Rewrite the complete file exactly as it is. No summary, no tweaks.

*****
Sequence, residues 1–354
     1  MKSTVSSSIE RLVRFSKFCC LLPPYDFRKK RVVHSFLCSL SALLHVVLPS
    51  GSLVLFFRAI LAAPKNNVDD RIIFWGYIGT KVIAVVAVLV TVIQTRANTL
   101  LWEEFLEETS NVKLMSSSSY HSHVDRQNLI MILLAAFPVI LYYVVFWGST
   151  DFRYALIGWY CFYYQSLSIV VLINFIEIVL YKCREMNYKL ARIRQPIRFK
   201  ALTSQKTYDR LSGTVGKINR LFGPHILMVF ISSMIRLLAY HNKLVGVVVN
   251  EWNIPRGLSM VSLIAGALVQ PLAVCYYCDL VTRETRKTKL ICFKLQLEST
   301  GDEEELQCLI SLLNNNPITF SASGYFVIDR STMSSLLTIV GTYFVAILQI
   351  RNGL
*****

Sequence, residues 1–354
     1  MKSTVSSSIE RLVRFSKFCC LLPPYDFRKK RVVHSFLCSL SALLHVVLPS
    51  GSLVLFFRAI LAAPKNNVDD RIIFWGYIGT KVIAVVAVLV TVIQTRANTL
   101  LWEEFLEETS NVKLMSSSSY HSHVDRQNLI MILLAAFPVI LYYVVFWGST
   151  DFRYALIGWY CFYYQSLSIV VLINFIEIVL YKCREMNYKL ARIRQPIRFK
   201  ALTSQKTYDR LSGTVGKINR LFGPHILMVF ISSMIRLLAY HNKLVGVVVN
   251  EWNIPRGLSM VSLIAGALVQ PLAVCYYCDL VTRETRKTKL ICFKLQLEST
   301  GDEEELQCLI SLLNNNPITF SASGYFVIDR STMSSLLTIV GTYFVAILQI
   351  RNGL